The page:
The Content of Program Analysis
This sketch of the program planning process has identified the major steps and actors, but gives little sense of its substance. In theory, program analysis moves through a logical sequence covering the following steps:
Indentifying the major U.S. objectives that aid is intended to promote in the country.
Assessing the host country situation and trends, including its plans, programs, and policies, in order to identify major problems and important lines of potential progress.
Anticipating the probable role of other donors during the planning period under consideration.
In view of these considerations, selecting more specific goals on which to focus U.S. economic aid. The principle of concentration suggests that these goals be relatively few – say four to six – in number.
For each goal, identifying all the important measures needed, including policy or administrative changes as well as capital investment and creation or improvement of skills and institutions. Many of the necessary actions can be taken only by the host government. The United States may be able to encourage self-help measures. Other donors may already be assisting with some aspects of the problem, or might be encouraged to do so. Finally, some of the needed measures will be appropriate for direct U.S. action – technical assistance, capital projects or commodity assistance. Very few significant goals can be accomplished solely or primarily through U.S aid. Therefore, it is important that aid be viewed in the broader context of all the important measures the goal implies. […]
Neumayer, Eric (2002), “Is Good Governance Rewarded? A Cross-National Analysis of Debt Forgiveness,” in World Development, Vol. 30, No. 6, pp. 913-930.
The analysis in this paper has shown that the need for debt forgiveness is clearly a powerful determinant of the allocation of debt forgiveness, thus confirming the first hypothesis. As concerns the second hypothesis, the evidence supports the statistical significance of creditors’ political interest only for the US military grants variable. As concerns the third hypothesis, there is no clear answer. There is evidence that some aspects of governance have an influence on the allocation of debt forgiveness, but other aspects and governance in general were often found to be statistically insignificant. It is maybe not surprising that of all the different governance aspects “voice and accountability,” “political rights and civil liberties” and “regulatory burden” should stand out as having some, if modest, influence on the allocation of debt forgiveness. After all, the respect for the political and participatory rights of citizens and the abstention from highly distortionary and burdensome economic policies have long been a top priority on the demand list of aid donors and debt creditors. As mentioned above, while respect for political and participatory rights of citizens is more consensually accepted as one aspect of good governance, “regulatory burden” is more contestable as it relates to a particular view on economic policy making.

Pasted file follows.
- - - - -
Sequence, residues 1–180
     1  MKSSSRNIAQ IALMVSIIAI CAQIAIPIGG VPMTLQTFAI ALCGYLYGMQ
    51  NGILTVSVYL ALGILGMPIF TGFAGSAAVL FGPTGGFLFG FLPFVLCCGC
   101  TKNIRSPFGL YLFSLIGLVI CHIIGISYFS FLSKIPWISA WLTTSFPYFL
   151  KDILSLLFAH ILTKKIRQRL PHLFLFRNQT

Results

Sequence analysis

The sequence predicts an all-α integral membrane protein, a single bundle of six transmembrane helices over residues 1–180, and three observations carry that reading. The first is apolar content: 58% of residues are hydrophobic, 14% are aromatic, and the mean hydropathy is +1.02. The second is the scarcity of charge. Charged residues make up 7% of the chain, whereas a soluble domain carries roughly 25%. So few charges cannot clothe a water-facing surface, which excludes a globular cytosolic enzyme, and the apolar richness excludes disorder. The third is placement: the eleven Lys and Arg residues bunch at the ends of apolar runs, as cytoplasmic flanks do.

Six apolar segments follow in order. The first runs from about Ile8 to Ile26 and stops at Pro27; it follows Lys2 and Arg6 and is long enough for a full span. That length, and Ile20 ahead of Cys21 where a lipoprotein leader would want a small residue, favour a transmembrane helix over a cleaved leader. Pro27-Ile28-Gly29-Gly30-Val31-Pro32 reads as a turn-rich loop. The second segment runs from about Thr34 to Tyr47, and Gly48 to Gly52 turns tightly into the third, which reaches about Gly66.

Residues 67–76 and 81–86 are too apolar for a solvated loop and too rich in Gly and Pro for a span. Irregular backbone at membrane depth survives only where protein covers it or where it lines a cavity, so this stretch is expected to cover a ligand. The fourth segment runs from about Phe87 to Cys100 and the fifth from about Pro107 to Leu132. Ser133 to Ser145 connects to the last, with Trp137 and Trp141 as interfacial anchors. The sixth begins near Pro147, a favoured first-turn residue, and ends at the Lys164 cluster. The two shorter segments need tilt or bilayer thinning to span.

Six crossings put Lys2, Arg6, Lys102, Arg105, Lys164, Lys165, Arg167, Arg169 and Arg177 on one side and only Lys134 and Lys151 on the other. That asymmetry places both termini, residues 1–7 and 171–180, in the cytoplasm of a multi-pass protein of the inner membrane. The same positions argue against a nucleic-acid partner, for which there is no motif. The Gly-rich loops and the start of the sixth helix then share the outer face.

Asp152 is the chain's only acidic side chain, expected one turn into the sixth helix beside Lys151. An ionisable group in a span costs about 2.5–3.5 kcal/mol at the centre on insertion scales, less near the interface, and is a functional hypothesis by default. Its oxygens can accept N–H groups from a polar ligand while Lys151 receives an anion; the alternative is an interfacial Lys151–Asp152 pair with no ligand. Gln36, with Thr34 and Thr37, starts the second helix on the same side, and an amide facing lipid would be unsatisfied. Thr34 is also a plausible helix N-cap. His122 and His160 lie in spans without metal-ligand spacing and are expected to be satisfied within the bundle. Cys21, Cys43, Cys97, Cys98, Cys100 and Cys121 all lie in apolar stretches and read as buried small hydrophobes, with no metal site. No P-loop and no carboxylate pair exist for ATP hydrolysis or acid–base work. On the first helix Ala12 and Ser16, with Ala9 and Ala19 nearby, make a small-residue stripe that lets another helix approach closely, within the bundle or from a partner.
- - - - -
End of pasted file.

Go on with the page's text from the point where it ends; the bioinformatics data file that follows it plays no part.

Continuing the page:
Overall, it seems therefore fair to say that in the past debt forgiveness has not been used much to reward countries with good governance. From a normative point of view, future debt forgiveness should revert this. Allocating a greater share of debt forgiveness to countries with good governance would create the right incentives for highly indebted countries and would most likely lead to a more effective and productive use of the resources employed. This will be true no matter what the total amount of debt forgiven for all countries, an issue, which this article has not discussed.
By implication, a similar argument can be made for the allocation of new lending and, indeed, for aid disbursement. Critics argue that the debt crisis is partly to blame for loose lending to corrupt and unaccountable governments with poor and highly distortive economic policies, that is, countries with bad governance (Hanlon, 2000; Roodman, 2001). To prevent this from re-occurring lenders need to take better into account the quality of governance of potential borrowers while at the same time trying to help those countries improving their governance that are committed to reform.
In order to do so, creditors and lenders need to invest more into developing high-quality indicators of governance and collecting the necessary data. At the moment, besides major efforts at the World Bank, the construction of governance indicators is mainly left to private companies that sell their information to international business. Their view on what constitutes good governance need not coincide with how creditors and lenders perceive good governance, however. There is therefore still a long way to go to strengthen the role of good governance in international financial lending and aid allocation decisions.